Period 5 (1848-1877)

Jacob Whitt January 4, 2016

Union in Peril (1848-1861)

Popular Sovereignty

  • Legitimacy of state based on the will and consent of the people
  • Lewis Cass gained support from moderates who agreed that slavery should be handled by a vote of people rather than Congress

The Compromise of 1850

  • Admitted California into the Union as a free state
  • Utah and New Mexico to be decided based on popular sovereignty
  • Settled land dispute between Texas and New Mexico
  • Adoption of a new Fugitive Slave Law

Kansas-Nebraska Act/"Bleeding Kansas"

  • Kansas-Nebraska Act repealed Missouri Compromise and caused rising conflicts over slavery
  • Allowed slavery to be decided in the Nebraska Territory by popular sovereignty
  • "Bleeding Kansas" referred to the massive violence between pro-slavery supporters and abolitionists following the Kansas-Nebraska Act
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Dred Scott v. Sandford

  • Scot had been a slave in Missouri and then taken to free Wisconsin and lived there for two years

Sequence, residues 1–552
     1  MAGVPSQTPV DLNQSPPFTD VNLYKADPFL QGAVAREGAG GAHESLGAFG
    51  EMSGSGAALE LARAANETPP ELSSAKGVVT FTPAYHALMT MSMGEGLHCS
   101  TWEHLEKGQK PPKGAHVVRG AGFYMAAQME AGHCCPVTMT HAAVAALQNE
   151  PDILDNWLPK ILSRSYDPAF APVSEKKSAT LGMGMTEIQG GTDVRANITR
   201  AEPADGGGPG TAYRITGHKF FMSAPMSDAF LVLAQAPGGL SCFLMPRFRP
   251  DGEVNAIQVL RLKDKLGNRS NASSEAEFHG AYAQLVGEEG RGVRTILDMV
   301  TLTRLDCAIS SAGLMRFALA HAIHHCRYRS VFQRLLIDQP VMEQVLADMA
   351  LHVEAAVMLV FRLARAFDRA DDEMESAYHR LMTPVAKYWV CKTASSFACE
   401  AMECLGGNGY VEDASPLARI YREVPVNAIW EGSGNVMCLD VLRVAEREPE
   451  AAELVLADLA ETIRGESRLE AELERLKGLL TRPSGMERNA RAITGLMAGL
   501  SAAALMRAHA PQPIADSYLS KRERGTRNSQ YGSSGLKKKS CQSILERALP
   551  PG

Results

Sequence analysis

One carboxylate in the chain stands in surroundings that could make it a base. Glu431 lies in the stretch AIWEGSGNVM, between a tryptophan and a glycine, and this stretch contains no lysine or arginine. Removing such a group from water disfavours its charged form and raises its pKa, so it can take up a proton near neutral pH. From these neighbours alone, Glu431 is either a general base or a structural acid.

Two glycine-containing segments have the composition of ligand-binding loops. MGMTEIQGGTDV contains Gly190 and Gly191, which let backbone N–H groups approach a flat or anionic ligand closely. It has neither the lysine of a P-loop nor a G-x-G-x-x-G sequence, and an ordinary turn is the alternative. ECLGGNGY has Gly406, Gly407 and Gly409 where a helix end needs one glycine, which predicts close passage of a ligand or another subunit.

• Scot argued that his residence on free soil granted him citizenship
  • Supreme Court decided against Scot
  • Decision delighted Southern Democrats and served as a basis for future trials of similar nature

Secession of the Deep South

  • Lincoln's election in 1860 caused Southern secessionists to take drastic measures
  • South Carolina led by seceding from the Union on December of 1860
  • Georgia, Florida, Alabama, Mississippi, Louisiana, and Texas followed South Carolina during a 6 week period
  • The Confederate States of America formed in February of 1861
Slavery - Crash Course US History #13

POL-2 (Reform Movements)

  • Reform Movements, with abolition in particular, further sparked conflicts between Northerners and Southerners and fueled sectionalism

NAT-3 (National Identity)

  • Secession and the formation of the Confederate States of America caused a lasting change of identity for the United States even after the readmission of confederate states
  • Even today, conflicts began in the Civil War period continue to shape American identity